After enjoying the summit views, it’s time to descend the famous fell. Because we had started the Pen-y-ghent Walk early, we soon re-entered the cold shade void of sunlight, which made descending particularly cold and gruesome.
Soon, the descent seems to abruptly stop as you meander on a winding and mostly flat path. At around the 6.8km mark, you’ll notice a trail to your right. If you’re keen to check out Hull Pot before returning to Horton in Ribblesdale, then turn right.
Hull Pot and Hunt Pot
After turning right, you’ll find the mesmerising Hull Pot after 500 metres or so. It’s a collapsed cavern, and, most of the time, you’ll find a stunning waterfall there. But, after periods of heavy rainfall, the chasm can actually entirely fill with water, creating a temporary lake. Indeed, Hull Pot is a spectacular natural attraction and one that deserves to be better known. Near Hull Pot, you can also find Hunt Pot, which is a thin pothole.
Returning to Horton in Ribblesdale
After exploring Hull Pot, you’ll briefly retrace your steps. You’ll then join a defined country lane, called Horton Scar Lane, which guides you back to Horton in Ribblesdale. Along this lane, you’ll enjoy magnificent views of Pen-y-ghent. Arriving back in Horton in Ribblesdale signals the end of the Pen-y-ghent Walk. Well done, you’ve just conquered one of the Yorkshire Three Peaks! Are you now ready for the Yorkshire Three Peaks Challenge?
FYI – one of the stages of the multi-day Pennine Way is from Horton in Ribblesdale to Hawes.
Other Pen-y-ghent Walks
There are many other different walks and routes that involve summiting Pen-y-ghent. A slight route variation of the walk described above is the Pen-y-ghent Circular Walk, which simply avoids the out and back to Hull Pot.
Otherwise, there are many different walks that summit Pen-y-ghent from different starting positions or which also involve summiting other nearby landmarks. Let’s look at these other Pen-y-ghent walks below, starting with the well-known Yorkshire Three Peaks Challenge.
For each of the different Pen-y-ghent walks, we’ll provide trail specs and a link to a map. Additionally, we’ve provided links to our own individual articles that we’ve written about some of these walks. So, if you want a bit more information about the walk, then please click on the link to access that individual article.
The Yorkshire Three Peaks Challenge
- Type: Loop
- Distance: 39.2km
- Time: 9–14 hours
- Accumulated elevation gain: 1,500m
- Difficulty: Hard
- Map: Wikiloc
By doing the monster 39km Yorkshire Three Peaks Challenge, you’ll summit Pen-y-ghent, Ingleborough and Whernside.
FYI – the Pen-y-ghent Cafe used to offer a check-in and check-out system to officially record your time on the Yorkshire Three Peaks Challenge. But, the cafe has now been closed for a number of years.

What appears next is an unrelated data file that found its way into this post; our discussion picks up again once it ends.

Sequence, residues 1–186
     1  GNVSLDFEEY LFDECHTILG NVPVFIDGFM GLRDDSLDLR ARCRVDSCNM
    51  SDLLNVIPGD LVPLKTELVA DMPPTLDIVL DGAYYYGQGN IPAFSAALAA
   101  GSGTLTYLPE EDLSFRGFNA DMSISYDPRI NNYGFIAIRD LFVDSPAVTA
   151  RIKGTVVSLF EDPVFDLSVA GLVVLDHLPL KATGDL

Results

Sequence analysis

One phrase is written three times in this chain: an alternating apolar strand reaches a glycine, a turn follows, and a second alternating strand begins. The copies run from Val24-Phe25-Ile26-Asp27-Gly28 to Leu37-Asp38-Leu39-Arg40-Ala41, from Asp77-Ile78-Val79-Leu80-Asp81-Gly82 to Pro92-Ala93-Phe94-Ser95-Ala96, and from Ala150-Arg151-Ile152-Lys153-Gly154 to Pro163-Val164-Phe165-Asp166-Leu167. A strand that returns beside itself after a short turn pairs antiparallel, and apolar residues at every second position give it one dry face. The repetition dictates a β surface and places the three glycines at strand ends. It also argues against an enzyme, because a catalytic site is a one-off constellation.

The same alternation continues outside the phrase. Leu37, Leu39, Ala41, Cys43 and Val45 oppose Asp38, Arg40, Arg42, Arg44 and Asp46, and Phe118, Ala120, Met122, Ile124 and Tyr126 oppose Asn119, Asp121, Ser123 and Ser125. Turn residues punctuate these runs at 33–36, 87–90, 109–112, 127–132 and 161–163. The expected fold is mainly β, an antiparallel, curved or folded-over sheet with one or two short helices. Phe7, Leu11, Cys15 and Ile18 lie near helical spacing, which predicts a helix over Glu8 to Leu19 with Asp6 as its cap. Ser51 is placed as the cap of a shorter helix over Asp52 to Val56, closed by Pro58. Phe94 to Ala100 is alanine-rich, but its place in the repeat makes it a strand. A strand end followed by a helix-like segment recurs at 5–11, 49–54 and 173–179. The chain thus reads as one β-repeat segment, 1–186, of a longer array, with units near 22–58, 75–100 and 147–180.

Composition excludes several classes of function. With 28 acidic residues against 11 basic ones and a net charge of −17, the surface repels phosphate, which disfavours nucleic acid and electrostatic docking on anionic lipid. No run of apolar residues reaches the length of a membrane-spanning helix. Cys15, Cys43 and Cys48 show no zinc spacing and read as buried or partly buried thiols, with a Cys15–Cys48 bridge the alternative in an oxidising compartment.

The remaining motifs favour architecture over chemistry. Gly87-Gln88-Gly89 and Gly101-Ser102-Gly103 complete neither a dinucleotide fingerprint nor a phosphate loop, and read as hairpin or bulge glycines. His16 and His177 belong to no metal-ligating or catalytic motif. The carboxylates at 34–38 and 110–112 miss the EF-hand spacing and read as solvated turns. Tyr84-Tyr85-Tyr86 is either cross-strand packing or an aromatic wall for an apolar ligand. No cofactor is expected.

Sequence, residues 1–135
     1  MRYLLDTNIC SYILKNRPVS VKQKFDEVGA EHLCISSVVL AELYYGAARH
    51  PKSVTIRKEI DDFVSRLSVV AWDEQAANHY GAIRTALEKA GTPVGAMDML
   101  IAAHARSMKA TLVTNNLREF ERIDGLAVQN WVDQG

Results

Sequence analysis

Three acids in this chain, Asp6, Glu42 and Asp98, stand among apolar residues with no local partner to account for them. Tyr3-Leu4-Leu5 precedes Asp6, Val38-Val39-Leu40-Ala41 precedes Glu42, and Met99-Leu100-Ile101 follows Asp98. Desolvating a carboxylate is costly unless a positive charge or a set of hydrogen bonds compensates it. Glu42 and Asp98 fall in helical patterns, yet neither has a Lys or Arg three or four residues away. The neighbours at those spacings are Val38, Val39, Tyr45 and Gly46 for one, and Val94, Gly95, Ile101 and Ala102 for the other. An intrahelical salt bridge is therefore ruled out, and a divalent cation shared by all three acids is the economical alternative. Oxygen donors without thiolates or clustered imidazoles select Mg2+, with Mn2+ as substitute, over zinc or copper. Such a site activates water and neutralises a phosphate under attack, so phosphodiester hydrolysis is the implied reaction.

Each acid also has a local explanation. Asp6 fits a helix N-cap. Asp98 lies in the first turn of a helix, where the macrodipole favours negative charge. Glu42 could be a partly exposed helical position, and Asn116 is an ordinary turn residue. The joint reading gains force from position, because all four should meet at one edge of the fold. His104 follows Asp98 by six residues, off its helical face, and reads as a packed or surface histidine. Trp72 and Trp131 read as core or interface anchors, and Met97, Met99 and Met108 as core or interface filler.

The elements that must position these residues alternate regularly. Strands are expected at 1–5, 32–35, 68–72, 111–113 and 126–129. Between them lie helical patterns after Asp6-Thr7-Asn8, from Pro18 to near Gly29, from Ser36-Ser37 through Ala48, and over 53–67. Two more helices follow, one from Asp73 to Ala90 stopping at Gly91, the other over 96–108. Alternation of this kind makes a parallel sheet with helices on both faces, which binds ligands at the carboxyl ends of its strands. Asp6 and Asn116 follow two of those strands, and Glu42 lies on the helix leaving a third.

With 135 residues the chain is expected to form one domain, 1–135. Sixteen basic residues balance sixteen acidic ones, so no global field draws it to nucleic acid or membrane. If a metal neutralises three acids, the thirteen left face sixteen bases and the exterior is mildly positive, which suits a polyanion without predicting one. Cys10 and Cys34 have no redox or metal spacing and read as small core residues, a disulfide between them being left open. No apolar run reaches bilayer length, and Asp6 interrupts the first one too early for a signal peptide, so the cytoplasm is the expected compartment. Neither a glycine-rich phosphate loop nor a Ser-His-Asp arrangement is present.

Read more: The Yorkshire Three Peaks Challenge (coming soon)
Pen-y-ghent and Plover Hill
- Type: Loop
- Distance: 15km
- Time: 5–6 hours
- Accumulated elevation gain: 620m
- Difficulty: Moderate
- Map: AllTrails
In terms of Pen-y-ghent day walk variations, this is one of the most popular alternatives. Starting in Horton in Ribblesdale, you’ll ascend Pen-y-ghent and also Plover Hill, which is the 13th highest fell in the Yorkshire Dales. Plover Hill is 680 metres above sea level, making it just a wee bit shorter than Pen-y-ghent. This is a more challenging walk given the longer distance, time and increased accumulated elevation gain.
Pen-y-ghent From Dale Head
- Type: Out & Back
- Distance: 6km
- Time: 2–3 hours
- Accumulated elevation gain: 250m
- Difficulty: Moderate
- Map: Wikiloc (incomplete, but you’ll get the gist of it)
This is a lesser-known walking variation starting in Dale Head. You’ll simply do an out and back of the fell from Dale Head. Please note, this route isn’t as common and we don’t particularly recommend it. But, it’s another known option.
Hull Pot Walk
- Type: Out & Back
- Distance: 6.4km
- Time: 2–2.5 hours
- Accumulated elevation gain: 210m
- Difficulty: Easy
- Map: AllTrails
If you simply walk to explore Hull Pot, then it’s possible to do a return walk from Horton in Ribblesdale. Because Hull Pot is becoming increasingly known, this out and back walk is becoming more popular.
Read more: Hull Pot (coming soon)
How to Get to Horton in Ribblesdale
The easiest and quickest way to get to Horton in Ribblesdale is to drive there yourself. As mentioned, you’ll park at either the Horton in Ribblesdale Yorkshire Dales National Park Car Park or find free street-side parking here. If you don’t have your own set of wheels, we recommend hiring a car using Rentalcars.com. You’ll find a wide variety of cars on Rental Cars, which are very easy to book online.
It’s also possible to use public transport to get to Horton in Ribblesdale. You can get a direct train to Horton in Ribblesdale from Leeds. Feel free to check the train times and prices here. We recommend using Trainline and Google Maps to plan your journey.